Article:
Sunday, July 18, 2010

Sketching a Story: Movies on Paper

If you think about it, every story is really a collection of smaller stories, or moments, that influence each other. Each scene might reveal information, or clarify something from another scene, or introduce a character or a problem. All of the scenes come together, like a web of information, in the order and style that the author intends.

Here is an example of a small story, or moment, that I sketched out yesterday and today... mostly over breakfast. This is done in Sharpie and pencil.

It's essentially a bit of a movie drawn on paper. There are establishing shots, shifts in perspective, and continuity of action to think about.

In the scene, a young graffiti artist paints a dragon on a wall and then gets something she didn't bargain for...

Drawing and Meditation

The other day, I needed to calm down.

So I grabbed a slightly dried-out Sharpie and started making dots.

I think I started somewhere near the middle of the paper.

After a while, it looked like this:

There's a lot going on here... the sound of the pen on the paper, following the dots wherever they may want to go, and patience. Not trying to draw a thing. Just making marks.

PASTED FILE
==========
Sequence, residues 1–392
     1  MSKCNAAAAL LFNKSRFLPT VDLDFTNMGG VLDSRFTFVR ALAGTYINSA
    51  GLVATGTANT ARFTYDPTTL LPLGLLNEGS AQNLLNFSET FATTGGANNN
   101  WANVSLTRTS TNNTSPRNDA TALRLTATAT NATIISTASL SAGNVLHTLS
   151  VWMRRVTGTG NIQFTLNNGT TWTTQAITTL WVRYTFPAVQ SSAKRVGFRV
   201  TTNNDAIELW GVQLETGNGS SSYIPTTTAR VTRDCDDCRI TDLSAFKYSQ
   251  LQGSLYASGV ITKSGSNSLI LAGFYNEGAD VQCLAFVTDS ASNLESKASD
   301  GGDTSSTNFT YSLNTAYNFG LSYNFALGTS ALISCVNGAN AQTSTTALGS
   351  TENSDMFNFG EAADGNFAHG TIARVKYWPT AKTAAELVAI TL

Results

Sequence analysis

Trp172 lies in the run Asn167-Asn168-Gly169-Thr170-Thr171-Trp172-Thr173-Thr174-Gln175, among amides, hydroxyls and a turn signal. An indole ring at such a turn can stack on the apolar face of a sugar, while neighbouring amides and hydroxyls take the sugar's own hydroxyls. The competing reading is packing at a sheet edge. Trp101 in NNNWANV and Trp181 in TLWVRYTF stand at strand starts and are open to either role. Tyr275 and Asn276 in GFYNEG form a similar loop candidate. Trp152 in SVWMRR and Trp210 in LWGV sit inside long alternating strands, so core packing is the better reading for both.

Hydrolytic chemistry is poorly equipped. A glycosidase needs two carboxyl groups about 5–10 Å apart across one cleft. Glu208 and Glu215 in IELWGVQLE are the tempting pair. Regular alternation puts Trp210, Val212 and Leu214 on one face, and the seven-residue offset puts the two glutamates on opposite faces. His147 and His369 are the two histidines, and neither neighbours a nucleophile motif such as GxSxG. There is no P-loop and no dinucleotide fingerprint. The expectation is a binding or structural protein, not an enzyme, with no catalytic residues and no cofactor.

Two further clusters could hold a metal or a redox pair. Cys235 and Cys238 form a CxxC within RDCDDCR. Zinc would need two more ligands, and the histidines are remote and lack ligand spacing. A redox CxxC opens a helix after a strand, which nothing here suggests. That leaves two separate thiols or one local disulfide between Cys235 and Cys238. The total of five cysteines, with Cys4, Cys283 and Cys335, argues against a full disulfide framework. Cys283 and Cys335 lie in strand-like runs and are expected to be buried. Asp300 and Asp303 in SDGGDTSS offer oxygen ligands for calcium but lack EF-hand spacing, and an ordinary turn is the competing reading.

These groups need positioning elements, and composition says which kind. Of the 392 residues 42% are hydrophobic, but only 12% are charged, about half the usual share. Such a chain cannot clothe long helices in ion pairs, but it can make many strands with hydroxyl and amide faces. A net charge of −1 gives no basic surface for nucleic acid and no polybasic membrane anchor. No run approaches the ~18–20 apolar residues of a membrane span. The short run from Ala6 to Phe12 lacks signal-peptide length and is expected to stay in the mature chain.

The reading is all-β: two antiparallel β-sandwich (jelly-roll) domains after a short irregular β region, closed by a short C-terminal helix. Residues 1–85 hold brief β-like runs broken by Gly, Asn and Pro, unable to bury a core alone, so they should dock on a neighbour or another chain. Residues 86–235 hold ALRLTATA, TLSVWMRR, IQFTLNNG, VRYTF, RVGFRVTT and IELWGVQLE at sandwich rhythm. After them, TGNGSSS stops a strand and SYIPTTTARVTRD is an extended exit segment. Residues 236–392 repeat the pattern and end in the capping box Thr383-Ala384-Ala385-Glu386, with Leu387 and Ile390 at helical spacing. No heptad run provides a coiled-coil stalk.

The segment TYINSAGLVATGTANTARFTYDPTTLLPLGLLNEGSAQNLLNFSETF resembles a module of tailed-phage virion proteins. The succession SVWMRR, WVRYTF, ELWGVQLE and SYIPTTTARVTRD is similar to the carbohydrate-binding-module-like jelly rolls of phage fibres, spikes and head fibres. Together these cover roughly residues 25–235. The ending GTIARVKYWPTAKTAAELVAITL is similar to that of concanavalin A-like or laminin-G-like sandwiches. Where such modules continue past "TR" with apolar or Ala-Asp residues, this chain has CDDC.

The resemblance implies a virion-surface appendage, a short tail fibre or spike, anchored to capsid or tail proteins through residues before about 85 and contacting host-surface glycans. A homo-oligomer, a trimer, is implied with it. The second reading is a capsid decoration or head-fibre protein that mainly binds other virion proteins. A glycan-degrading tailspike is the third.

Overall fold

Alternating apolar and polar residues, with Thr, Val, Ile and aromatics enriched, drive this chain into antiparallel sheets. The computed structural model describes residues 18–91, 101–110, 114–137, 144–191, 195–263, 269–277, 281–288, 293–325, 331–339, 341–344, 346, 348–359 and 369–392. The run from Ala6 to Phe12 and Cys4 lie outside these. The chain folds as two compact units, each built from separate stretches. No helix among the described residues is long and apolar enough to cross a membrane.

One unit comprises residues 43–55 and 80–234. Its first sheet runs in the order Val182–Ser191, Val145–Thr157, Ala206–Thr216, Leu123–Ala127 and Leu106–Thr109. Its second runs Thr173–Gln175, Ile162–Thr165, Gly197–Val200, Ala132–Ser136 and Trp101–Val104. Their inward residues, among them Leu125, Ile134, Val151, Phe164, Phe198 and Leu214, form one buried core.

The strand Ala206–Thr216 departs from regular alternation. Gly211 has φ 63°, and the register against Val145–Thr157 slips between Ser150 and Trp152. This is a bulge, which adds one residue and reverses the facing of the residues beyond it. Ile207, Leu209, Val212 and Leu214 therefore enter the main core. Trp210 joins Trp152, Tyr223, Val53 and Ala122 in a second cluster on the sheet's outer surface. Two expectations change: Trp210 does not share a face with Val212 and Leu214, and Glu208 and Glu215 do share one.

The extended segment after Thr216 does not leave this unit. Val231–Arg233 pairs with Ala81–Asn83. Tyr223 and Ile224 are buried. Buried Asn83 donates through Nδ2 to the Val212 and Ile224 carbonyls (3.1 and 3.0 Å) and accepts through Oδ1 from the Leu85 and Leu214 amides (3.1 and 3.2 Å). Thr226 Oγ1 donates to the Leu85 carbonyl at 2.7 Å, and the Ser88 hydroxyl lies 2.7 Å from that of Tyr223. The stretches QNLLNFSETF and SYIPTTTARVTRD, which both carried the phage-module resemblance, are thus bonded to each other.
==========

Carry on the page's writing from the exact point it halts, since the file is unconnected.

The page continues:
Interestingly, now I find I can look at it and see all kinds of patterns and moods and things. It reminds me of the surface of a pond.

Like I often say, drawing does not have to be about making something, and it certainly doesn't have to be about judging whether a drawing is "good."

It can be a way to create some mental space for yourself. And we all need some mental space.

Do you have a type of mark you like to make, over and over? Dots, lines, spirals, shapes? Smiley faces? Give yourself some time and space to fill a sheet of paper, or a placemat, or a receipt. Let other parts of your mind take over for a while. A little drawing meditation.

Red Orange by Danela Uhlig

Danela Uhlig
Artist: Daniela Uhlig (lolita-art)

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